S.D.Tex.: Single key in the ignition adds nothing to RS

The stop was unreasonably prolonged without reasonable suspicion. All the officer had was nervousness (belied by the video), one passenger had no bag in the car, and a single key was in the ignition. United States v. Flores, 2017 U.S. Dist. LEXIS 109910 (S.D. Tex. April 4, 2017):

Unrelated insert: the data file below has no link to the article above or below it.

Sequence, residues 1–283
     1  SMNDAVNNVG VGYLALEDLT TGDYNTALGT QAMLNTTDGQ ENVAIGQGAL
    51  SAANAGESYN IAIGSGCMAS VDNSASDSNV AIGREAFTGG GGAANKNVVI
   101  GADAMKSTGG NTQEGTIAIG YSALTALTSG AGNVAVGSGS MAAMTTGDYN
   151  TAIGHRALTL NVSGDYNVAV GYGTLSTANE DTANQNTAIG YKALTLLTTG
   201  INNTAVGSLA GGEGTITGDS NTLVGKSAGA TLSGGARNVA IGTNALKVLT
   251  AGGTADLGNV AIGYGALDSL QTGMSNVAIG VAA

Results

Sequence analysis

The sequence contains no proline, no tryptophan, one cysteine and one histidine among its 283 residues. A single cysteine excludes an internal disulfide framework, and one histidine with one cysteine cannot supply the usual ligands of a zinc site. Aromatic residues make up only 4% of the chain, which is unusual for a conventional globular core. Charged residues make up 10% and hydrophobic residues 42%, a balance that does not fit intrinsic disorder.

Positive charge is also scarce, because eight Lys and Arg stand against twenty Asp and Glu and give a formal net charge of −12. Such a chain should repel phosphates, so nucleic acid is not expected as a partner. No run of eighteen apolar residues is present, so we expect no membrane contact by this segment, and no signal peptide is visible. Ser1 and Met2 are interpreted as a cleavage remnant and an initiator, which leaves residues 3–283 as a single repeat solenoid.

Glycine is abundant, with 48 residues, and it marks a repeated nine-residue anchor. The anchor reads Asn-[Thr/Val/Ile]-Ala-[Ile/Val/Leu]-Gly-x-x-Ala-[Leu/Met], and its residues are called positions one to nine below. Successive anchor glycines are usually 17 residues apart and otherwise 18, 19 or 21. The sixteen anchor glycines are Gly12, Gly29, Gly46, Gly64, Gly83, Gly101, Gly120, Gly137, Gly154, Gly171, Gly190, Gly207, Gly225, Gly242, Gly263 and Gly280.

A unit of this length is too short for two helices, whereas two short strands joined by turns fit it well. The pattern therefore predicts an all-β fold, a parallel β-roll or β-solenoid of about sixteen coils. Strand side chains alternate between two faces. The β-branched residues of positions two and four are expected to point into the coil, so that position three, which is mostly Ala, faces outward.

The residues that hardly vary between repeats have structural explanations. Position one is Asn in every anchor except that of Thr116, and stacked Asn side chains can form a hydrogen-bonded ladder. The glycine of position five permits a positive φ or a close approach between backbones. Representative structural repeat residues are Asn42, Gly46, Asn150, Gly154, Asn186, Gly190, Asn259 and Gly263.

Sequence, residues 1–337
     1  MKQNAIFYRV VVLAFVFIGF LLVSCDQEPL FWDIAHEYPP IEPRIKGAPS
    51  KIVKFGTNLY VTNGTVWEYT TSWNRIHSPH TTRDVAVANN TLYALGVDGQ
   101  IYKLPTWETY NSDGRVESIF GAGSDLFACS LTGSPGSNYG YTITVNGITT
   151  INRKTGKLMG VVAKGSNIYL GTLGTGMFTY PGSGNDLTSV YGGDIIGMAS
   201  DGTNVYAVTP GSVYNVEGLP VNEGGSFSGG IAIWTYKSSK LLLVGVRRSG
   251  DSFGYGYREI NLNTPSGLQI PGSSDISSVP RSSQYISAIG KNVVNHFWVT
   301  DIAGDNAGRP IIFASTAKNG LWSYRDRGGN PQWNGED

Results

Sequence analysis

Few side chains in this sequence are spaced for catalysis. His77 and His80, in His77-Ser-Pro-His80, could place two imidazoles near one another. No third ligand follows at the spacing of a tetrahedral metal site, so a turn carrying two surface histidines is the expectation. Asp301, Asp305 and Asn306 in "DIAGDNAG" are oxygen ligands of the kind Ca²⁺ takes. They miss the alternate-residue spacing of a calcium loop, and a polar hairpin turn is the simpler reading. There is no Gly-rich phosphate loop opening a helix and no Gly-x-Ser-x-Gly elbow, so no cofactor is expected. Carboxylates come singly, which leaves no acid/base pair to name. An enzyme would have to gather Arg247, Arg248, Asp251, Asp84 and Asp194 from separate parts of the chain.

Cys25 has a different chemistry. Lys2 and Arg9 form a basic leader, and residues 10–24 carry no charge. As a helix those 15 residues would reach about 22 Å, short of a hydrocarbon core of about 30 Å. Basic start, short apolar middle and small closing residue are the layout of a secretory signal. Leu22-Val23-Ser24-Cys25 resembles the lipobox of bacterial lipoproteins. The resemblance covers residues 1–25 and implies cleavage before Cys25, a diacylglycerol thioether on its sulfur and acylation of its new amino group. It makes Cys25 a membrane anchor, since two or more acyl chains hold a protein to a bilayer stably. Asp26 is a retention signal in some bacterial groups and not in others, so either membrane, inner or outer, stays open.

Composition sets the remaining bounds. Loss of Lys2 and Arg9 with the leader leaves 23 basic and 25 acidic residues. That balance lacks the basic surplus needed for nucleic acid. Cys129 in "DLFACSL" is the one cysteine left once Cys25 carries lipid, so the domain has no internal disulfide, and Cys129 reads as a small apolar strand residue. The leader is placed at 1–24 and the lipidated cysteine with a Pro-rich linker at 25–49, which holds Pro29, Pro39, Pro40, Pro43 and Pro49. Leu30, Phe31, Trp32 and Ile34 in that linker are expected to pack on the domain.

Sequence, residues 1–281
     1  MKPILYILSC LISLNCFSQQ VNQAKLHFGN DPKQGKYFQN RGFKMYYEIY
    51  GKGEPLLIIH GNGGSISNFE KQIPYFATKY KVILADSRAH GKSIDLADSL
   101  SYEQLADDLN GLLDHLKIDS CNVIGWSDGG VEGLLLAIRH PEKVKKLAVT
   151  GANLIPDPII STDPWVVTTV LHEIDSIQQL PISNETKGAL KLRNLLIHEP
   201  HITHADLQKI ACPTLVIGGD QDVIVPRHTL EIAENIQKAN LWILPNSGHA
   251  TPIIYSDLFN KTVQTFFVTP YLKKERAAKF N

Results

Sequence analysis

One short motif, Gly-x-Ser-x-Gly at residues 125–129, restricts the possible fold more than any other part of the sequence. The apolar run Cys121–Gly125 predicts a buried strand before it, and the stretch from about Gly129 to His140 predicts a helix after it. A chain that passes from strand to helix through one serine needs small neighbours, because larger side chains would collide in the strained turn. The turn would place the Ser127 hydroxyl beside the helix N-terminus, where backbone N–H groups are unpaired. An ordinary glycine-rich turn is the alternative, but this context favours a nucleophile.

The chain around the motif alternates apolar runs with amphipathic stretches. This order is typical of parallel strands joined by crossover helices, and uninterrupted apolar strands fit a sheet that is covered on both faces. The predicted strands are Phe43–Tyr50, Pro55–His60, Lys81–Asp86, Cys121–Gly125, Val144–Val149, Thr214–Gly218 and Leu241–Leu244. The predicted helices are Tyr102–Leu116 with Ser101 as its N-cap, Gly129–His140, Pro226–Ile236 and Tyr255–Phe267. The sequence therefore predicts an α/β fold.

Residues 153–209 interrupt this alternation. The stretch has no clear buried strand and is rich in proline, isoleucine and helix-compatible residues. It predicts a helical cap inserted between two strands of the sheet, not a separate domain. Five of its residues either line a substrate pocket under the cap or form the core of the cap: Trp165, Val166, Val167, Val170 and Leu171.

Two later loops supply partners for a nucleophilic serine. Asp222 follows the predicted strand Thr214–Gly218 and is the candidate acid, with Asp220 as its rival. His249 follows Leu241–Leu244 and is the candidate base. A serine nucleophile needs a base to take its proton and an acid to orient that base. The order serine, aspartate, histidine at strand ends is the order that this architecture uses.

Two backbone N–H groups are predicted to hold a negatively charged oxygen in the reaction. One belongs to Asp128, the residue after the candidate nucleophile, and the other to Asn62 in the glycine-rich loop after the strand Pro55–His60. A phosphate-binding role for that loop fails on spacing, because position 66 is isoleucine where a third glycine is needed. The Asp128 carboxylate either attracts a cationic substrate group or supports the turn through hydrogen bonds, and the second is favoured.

The totality of the circumstances supports a finding that Limon did not develop reasonable suspicion of additional criminal activity. Of the three factual circumstances that the Government cited, only the third one reasonably raised any suspicion. As to the first and second factors: (1) the audio and video evidence suggest that Flores did not behave nervously; (2) given that Flores traveled with two bags of clothing, the fact that she did not possess a suitcase was unremarkable; and (3) the bags’ contents were not suspicious or, if they were, Limon did not learn this information before he completed the stop’s mission. Finally, although the presence of a single key in Flores’s vehicle’s ignition switch fit the profile of a drug courier, this factual condition occurs too frequently among law-abiding travelers to predicate reasonable suspicion singlehandedly. See United States v. Jones, 149 F.3d 364, 369 (5th Cir. 1998). Limon did not develop reasonable suspicion of additional criminal activity before he completed the mission of the traffic stop. Accordingly, he unconstitutionally detained Flores.

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